Friday 30 March 2012

Watchdogs confirm killing of media pair in Syria

World Press Freedom Day poster
Two media watchdogs have sadly given an affirmative answer to the question I raised in my morning post of March 27: Have two more journalist been killed in Syria?
Two freelance journalists, including a Briton of Algerian origin, have been killed at the Syrian-Turkish border, Reporters Without Borders said yesterday.
"Reporters Without Borders condemns the killing of two freelance journalists who were shot dead after an attack by Syrian forces on a group of about 50 people trying to enter Syria at Darkush on the border with Turkey three days ago," it said in a statement.
"Immediately after the offensive, the two journalists, aged between 28 and 32, were reported to have returned to the scene to collect their equipment. A Syrian army vehicle opened fire on them, killing both," it added.
According to Reporters Without Borders, one of the journalists was Walid Blidi, "a British national of Algerian origin. The nationality of his colleague, Nassim Terreri, has yet to be established. A third journalist reported to have been wounded in the attack was taken to hospital in Turkish border town of Antakya.”
The media watchdog said, “The journalists planned to make a documentary in the village of Idlib, a hotbed of the protest movement that has been the target of a violent crackdown by forces loyal to President Bashar al-Assad.”
It said the tragedy occurred a day after the murder of Kurdish citizen journalist Jawan Mohammed Qatana on March 25 in Derbassiyeh, north of the eastern city of al-Hassakeh.
According to Reporters Without Borders, “Citizens and activists have taken over the baton from professional journalists unable to enter Syria or who are prevented from carrying out their work. They are playing an essential role in gathering and distributing information…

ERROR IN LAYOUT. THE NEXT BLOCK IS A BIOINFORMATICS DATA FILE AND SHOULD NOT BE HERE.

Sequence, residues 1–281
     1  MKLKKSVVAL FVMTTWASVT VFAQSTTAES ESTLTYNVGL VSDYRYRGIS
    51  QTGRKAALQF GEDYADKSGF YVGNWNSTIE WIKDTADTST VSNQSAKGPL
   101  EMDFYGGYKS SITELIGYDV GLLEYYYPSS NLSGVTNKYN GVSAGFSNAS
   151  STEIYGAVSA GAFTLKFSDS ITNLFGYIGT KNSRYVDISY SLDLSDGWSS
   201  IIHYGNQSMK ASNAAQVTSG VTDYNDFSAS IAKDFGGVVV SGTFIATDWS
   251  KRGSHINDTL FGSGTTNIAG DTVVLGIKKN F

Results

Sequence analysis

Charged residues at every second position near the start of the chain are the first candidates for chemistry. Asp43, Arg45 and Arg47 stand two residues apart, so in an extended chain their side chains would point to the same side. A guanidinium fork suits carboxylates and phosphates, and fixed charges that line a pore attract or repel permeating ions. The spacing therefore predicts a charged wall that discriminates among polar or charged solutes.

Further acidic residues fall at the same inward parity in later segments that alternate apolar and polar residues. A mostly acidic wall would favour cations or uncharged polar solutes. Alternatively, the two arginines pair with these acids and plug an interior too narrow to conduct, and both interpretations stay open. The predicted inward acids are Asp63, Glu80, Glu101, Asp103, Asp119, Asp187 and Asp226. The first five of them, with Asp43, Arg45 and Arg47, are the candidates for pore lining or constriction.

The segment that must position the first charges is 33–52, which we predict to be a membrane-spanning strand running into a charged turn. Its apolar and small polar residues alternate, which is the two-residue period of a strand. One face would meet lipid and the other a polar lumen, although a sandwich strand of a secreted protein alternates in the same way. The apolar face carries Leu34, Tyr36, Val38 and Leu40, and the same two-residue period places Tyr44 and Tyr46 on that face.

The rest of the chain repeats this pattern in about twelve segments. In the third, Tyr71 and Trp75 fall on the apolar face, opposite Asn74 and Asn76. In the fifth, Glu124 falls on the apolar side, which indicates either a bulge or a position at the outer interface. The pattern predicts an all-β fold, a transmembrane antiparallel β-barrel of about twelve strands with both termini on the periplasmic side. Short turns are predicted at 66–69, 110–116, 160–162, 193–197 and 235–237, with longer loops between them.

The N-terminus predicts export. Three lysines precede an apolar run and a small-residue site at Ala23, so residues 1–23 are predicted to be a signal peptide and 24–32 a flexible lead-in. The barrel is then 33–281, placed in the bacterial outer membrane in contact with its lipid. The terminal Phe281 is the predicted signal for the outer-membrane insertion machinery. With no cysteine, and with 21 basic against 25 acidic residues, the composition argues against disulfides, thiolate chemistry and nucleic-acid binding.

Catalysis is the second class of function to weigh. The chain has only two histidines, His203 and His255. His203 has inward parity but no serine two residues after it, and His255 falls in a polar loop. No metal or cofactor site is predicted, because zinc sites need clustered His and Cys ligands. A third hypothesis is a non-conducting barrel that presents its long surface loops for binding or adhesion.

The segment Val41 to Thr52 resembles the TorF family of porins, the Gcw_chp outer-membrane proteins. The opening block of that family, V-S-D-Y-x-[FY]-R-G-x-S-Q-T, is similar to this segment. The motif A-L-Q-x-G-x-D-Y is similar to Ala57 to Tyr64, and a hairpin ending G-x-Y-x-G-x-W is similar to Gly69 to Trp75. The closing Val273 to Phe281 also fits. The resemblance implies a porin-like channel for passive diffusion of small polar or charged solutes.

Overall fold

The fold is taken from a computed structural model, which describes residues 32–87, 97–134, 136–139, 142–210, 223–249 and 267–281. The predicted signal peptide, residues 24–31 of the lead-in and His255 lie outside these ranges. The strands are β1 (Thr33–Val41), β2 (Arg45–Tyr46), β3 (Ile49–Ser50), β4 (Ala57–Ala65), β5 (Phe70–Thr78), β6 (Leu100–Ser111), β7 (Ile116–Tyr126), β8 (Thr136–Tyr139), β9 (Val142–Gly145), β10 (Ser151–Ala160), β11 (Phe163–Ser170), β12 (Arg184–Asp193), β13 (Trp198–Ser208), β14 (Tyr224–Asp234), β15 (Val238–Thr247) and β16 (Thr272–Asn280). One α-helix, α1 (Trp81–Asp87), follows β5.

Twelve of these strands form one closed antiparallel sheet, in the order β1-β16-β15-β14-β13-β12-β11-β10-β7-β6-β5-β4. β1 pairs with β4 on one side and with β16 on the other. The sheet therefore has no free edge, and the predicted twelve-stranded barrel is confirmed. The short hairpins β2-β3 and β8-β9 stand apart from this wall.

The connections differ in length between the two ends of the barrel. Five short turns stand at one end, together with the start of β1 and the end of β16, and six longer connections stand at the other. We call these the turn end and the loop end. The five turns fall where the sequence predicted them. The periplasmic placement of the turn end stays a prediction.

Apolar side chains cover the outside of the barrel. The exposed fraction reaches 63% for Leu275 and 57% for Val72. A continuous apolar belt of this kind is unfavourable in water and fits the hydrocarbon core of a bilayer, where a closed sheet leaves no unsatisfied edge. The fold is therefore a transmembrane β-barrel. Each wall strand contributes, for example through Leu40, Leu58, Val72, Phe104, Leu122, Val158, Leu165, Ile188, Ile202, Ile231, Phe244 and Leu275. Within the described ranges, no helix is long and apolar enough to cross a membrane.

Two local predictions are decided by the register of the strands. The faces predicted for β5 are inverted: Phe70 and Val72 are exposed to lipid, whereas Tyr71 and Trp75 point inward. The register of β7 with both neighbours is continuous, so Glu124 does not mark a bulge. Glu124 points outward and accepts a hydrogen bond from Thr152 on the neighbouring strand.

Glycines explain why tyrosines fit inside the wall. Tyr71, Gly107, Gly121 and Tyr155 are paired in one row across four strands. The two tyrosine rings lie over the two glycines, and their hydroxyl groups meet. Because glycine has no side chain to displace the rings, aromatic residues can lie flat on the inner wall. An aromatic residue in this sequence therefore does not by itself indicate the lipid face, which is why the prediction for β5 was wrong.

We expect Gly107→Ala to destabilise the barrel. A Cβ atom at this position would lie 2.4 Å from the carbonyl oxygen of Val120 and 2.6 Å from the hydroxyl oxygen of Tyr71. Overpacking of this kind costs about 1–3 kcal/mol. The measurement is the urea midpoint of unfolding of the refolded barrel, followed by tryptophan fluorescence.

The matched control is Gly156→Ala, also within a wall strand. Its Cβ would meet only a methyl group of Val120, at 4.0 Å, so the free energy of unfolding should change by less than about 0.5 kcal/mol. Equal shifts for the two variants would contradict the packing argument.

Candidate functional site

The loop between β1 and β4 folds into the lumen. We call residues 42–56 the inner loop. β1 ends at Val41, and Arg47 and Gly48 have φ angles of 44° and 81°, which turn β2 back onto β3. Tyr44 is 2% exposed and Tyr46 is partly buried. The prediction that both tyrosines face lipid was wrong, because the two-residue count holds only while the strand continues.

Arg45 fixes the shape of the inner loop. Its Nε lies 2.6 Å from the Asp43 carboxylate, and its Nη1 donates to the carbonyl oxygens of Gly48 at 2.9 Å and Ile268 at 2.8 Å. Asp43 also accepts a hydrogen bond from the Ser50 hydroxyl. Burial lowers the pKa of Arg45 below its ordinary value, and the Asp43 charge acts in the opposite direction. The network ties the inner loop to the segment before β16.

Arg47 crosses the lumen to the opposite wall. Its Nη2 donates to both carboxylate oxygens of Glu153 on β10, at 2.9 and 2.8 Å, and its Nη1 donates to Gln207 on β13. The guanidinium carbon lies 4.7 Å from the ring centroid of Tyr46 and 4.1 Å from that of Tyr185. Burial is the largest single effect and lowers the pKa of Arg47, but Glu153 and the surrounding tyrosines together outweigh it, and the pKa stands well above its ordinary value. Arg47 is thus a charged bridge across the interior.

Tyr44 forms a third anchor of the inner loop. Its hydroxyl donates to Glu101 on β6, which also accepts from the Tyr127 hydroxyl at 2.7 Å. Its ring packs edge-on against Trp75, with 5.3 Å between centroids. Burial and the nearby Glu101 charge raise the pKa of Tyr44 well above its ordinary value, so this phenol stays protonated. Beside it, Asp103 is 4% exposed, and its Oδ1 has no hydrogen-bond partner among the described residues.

“The lawyer and blogger Rudy Othman was among the new detainees. He was arrested on Hamra Street in Damascus on March 15 for the third time since the start of the protests. The blogger and activist Jamal al-Omas was arrested at the Lebanese border the same day as he returned from Beirut.
The blogger Mohammed Abu Hajar was arrested in the Mediterranean-coast city of Tartus on March 14 because of what he has been writing in his blog ‘Mazaj’…”
Meanwhile, two Turkish journalists -– Adem Özköse, a reporter for the magazine Gerçek Hayat and the daily Milat, and cameraman Hamit Coşkun -– who have been missing in Syria for three weeks are being held by militias loyal to the Syrian army and are in good condition, their Syrian guide told Turkey’s Anatalia News Agency Thursday.
“I was in custody with Adem and Hamit for 10 days before they released me. They are both alive, and they are fine,” said Baha’eddin Sharm, the Syrian guide.
Sharm said around 50 Syrian militia detained him and the journalists on March 8 near the town of Binnish close to Idlib and kept them in Al-Fua village. Sharm said they were taken hostage at a house, where they were given bread and water, and added that some people believed to be members of the Syrian intelligence services had interrogated them.
“They wanted to hand us over to Syrian intelligence, but they were unable to do that because the roads were blocked by opposition forces and they were afraid of losing us to them,” Sharm said.
The two journalists had arrived in Idlib near the Turkish border to cover the violence and make a documentary, said Sharm, adding that the pair had asked him to guide them in the country.